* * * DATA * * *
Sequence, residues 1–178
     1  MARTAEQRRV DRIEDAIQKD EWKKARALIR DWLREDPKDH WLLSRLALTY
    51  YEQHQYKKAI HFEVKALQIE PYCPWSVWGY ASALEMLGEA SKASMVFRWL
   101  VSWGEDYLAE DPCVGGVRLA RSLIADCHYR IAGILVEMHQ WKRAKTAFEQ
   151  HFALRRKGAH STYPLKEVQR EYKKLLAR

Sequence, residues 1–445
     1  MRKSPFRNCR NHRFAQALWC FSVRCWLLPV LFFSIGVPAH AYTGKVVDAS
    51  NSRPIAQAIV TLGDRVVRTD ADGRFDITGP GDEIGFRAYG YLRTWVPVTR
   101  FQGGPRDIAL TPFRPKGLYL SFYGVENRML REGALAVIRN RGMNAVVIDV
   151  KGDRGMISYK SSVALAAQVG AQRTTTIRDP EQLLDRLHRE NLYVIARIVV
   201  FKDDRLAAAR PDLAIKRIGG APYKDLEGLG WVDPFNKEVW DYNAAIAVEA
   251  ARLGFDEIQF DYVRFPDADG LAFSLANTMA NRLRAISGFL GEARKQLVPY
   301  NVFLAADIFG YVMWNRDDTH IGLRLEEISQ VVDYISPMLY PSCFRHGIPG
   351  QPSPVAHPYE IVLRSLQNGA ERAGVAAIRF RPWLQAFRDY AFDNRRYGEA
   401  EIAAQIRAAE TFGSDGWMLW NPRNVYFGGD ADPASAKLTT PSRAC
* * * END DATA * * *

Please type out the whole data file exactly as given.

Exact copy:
Sequence, residues 1–178
     1  MARTAEQRRV DRIEDAIQKD EWKKARALIR DWLREDPKDH WLLSRLALTY
    51  YEQHQYKKAI HFEVKALQIE PYCPWSVWGY ASALEMLGEA SKASMVFRWL
   101  VSWGEDYLAE DPCVGGVRLA RSLIADCHYR IAGILVEMHQ WKRAKTAFEQ
   151  HFALRRKGAH STYPLKEVQR EYKKLLAR

Sequence, residues 1–445
     1  MRKSPFRNCR NHRFAQALWC FSVRCWLLPV LFFSIGVPAH AYTGKVVDAS
    51  NSRPIAQAIV TLGDRVVRTD ADGRFDITGP GDEIGFRAYG YLRTWVPVTR
   101  FQGGPRDIAL TPFRPKGLYL SFYGVENRML REGALAVIRN RGMNAVVIDV
   151  KGDRGMISYK SSVALAAQVG AQRTTTIRDP EQLLDRLHRE NLYVIARIVV
   201  FKDDRLAAAR PDLAIKRIGG APYKDLEGLG WVDPFNKEVW DYNAAIAVEA
   251  ARLGFDEIQF DYVRFPDADG LAFSLANTMA NRLRAISGFL GEARKQLVPY
   301  NVFLAADIFG YVMWNRDDTH IGLRLEEISQ VVDYISPMLY PSCFRHGIPG
   351  QPSPVAHPYE IVLRSLQNGA ERAGVAAIRF RPWLQAFRDY AFDNRRYGEA
   401  EIAAQIRAAE TFGSDGWMLW NPRNVYFGGD ADPASAKLTT PSRAC